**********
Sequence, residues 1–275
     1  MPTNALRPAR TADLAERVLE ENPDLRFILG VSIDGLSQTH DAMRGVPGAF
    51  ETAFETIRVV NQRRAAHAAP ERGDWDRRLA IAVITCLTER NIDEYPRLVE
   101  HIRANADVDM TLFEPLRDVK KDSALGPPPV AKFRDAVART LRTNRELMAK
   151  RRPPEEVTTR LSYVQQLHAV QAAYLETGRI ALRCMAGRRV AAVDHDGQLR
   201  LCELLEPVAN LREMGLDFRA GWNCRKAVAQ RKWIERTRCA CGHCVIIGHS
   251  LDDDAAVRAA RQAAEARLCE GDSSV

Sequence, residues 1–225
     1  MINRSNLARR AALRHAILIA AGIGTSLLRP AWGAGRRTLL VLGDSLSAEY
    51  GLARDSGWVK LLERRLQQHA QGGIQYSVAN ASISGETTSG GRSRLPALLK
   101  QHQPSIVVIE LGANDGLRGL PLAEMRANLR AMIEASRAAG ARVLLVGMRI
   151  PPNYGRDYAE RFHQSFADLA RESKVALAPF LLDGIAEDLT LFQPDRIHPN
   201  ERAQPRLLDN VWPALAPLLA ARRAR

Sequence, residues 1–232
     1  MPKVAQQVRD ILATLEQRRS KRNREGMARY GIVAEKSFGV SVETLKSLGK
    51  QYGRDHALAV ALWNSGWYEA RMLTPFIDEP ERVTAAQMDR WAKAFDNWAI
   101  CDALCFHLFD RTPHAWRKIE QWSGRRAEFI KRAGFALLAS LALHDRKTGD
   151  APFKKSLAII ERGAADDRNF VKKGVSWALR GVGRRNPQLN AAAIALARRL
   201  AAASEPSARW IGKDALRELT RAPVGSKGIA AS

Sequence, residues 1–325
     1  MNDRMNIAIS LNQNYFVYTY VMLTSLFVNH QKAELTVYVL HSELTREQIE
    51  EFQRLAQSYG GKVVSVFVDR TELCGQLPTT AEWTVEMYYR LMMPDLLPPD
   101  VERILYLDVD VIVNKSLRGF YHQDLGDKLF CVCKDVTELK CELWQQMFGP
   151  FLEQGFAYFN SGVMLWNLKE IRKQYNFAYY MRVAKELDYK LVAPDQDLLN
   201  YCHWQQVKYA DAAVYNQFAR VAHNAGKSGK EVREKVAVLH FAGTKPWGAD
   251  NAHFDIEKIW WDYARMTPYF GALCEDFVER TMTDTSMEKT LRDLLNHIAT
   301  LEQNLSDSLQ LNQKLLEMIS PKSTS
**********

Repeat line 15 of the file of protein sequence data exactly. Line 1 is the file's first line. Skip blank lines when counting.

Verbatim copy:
     1  MPKVAQQVRD ILATLEQRRS KRNREGMARY GIVAEKSFGV SVETLKSLGK